Colon Cancer Prevention: The importance of colonoscopy
Each year more than 55,000 Americans die from colorectal cancer. This deadly disease is the second leading cause of cancer deaths. Adventist La Grange Memorial Hospital gastroenterology nurse, Marilou Asuncion, urges people age 50 and older to schedule a colonoscopy to check for this common and highly preventable cancer. The screening also is recommended for anyone with a history of colorectal cancer in their family.
“We find that some patients are scared to undergo a colonoscopy,” Asuncion said. “But a little discomfort is a small price to pay for the peace of mind that comes with taking care of yourself. Colonoscopy is the best prevention for colon cancer.”
A colonoscopy is an outpatient, endoscopic examination of the large colon and distal part of the small bowel. The procedure evaluates gastrointestinal symptoms such as abdominal pain, intestinal bleeding, unexplained weight loss, or other changes in bowel habits. It also checks for cancer and abnormal growths called polyps.
“Colonoscopy is important because they detect inflammation, ulcers, tumors and other abnormal growths in the colon,” said Asuncion. “It can give doctors the opportunity to catch any problems early enough for treatment.”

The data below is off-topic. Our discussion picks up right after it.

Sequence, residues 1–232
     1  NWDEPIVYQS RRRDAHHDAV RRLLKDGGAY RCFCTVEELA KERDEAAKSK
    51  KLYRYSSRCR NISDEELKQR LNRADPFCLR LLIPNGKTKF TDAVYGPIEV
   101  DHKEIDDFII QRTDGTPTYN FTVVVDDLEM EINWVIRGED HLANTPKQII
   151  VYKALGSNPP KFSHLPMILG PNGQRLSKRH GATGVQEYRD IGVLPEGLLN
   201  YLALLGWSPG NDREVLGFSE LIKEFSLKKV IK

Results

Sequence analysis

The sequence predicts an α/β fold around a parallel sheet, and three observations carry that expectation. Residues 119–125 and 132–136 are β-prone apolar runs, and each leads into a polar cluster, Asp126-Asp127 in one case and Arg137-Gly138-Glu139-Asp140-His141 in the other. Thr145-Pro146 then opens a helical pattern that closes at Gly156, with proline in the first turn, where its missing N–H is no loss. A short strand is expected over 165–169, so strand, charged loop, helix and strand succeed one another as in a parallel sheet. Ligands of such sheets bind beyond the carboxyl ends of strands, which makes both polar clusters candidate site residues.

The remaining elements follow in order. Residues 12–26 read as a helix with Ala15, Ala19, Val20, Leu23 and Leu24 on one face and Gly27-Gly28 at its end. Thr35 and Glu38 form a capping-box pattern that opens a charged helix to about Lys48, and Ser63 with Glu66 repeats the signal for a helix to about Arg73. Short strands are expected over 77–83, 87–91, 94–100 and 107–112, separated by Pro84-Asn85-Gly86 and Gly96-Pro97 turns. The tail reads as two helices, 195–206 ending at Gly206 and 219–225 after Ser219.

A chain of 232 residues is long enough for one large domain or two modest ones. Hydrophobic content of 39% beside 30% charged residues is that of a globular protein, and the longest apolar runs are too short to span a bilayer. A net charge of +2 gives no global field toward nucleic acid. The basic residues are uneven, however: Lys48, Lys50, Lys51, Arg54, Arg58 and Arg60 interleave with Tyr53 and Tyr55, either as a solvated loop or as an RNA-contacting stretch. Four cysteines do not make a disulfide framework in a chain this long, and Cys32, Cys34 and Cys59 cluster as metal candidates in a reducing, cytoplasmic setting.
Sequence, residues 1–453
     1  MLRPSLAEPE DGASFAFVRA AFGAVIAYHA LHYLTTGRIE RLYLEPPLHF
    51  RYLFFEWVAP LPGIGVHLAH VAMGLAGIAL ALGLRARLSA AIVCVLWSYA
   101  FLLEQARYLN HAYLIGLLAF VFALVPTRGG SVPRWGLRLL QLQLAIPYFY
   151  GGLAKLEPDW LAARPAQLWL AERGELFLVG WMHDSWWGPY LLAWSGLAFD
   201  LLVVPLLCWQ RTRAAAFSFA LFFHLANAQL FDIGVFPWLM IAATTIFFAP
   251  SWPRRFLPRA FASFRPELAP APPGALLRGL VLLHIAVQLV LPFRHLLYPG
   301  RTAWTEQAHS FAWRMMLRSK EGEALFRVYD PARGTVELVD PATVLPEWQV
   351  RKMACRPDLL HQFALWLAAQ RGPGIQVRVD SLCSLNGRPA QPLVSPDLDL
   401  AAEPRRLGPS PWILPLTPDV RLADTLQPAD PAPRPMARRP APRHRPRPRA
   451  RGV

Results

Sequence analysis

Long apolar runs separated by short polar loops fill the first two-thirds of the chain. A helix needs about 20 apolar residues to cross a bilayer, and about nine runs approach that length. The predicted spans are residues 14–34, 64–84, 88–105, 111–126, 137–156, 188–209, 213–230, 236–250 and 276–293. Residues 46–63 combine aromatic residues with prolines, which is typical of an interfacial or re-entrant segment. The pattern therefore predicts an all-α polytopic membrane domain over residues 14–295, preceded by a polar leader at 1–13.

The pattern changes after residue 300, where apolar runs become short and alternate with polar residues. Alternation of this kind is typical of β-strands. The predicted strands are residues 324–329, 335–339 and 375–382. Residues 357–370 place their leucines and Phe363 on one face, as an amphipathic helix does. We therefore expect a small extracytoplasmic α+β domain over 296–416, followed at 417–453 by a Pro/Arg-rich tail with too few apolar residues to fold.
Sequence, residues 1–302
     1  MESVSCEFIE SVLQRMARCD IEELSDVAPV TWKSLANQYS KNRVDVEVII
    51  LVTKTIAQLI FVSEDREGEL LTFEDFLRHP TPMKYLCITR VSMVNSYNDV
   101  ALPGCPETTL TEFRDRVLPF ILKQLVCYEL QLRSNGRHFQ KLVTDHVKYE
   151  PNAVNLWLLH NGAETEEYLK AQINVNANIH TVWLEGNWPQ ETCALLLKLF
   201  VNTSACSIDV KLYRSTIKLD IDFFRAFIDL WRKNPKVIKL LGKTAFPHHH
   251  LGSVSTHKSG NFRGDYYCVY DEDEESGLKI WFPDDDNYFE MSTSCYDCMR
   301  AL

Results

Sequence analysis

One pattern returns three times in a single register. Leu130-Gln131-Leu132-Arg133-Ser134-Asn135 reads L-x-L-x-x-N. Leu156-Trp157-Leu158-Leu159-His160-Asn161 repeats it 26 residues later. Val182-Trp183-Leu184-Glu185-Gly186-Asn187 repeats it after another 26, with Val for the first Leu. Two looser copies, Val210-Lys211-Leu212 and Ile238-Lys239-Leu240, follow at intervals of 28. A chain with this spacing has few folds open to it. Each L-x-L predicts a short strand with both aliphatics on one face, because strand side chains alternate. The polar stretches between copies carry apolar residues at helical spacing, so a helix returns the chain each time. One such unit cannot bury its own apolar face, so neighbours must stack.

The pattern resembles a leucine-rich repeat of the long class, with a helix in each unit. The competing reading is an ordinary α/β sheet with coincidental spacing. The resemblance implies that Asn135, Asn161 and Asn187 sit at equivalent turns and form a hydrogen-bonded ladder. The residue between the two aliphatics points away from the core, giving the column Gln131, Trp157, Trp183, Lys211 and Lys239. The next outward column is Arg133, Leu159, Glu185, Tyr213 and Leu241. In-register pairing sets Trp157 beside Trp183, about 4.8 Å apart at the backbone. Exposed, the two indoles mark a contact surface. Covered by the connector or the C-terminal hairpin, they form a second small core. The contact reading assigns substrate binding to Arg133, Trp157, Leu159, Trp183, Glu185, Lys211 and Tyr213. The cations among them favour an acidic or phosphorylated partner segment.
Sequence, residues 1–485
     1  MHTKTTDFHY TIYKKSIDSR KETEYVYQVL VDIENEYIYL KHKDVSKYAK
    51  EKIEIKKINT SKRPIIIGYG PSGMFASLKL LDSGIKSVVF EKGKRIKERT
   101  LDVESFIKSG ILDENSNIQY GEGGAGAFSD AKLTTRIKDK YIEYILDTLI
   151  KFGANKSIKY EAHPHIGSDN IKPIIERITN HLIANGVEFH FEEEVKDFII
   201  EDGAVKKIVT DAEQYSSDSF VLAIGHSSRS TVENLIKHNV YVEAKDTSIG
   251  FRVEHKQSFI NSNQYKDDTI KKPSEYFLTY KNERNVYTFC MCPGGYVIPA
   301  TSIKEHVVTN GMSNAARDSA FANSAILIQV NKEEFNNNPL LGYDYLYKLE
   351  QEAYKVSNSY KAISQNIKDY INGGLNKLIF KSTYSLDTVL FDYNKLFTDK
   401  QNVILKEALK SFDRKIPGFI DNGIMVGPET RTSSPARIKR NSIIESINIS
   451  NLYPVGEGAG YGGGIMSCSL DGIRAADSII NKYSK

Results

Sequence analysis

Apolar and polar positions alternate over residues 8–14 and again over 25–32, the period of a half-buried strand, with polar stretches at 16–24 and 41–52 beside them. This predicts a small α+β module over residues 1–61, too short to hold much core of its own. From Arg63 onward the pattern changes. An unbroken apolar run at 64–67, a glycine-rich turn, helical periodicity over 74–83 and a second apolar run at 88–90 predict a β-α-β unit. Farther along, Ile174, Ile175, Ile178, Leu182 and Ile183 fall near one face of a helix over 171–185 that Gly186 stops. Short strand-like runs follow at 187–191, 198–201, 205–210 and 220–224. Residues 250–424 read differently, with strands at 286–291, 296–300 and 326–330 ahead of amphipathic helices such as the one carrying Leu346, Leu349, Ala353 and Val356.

In order to prepare for the procedure, patients must completely empty their bowel. Patients are required to follow a liquid diet for one to three days beforehand and take a laxative the night before the colonoscopy. Most medications may be taken as usual; however, aspirin products, blood thinners, arthritis medications and iron supplements may require special instructions.
“A liquid diet includes items such as plain tea or coffee, diet soda, water, strained juice, and broth” said Asuncion. “In order to get the clearest results, it’s extremely important that the bowel is completely clean during the procedure.”
Changes in bowel habits, blood in the stool, diarrhea, constipation, frequent bloating and cramps, unexplained weight loss and vomiting are all signs that a colonoscopy may be needed to determine the source of the problem.
“Early detection is extremely important in treating colon cancer,” Asuncion said. “The earlier the cancer is spotted, the better the survival rate will be.”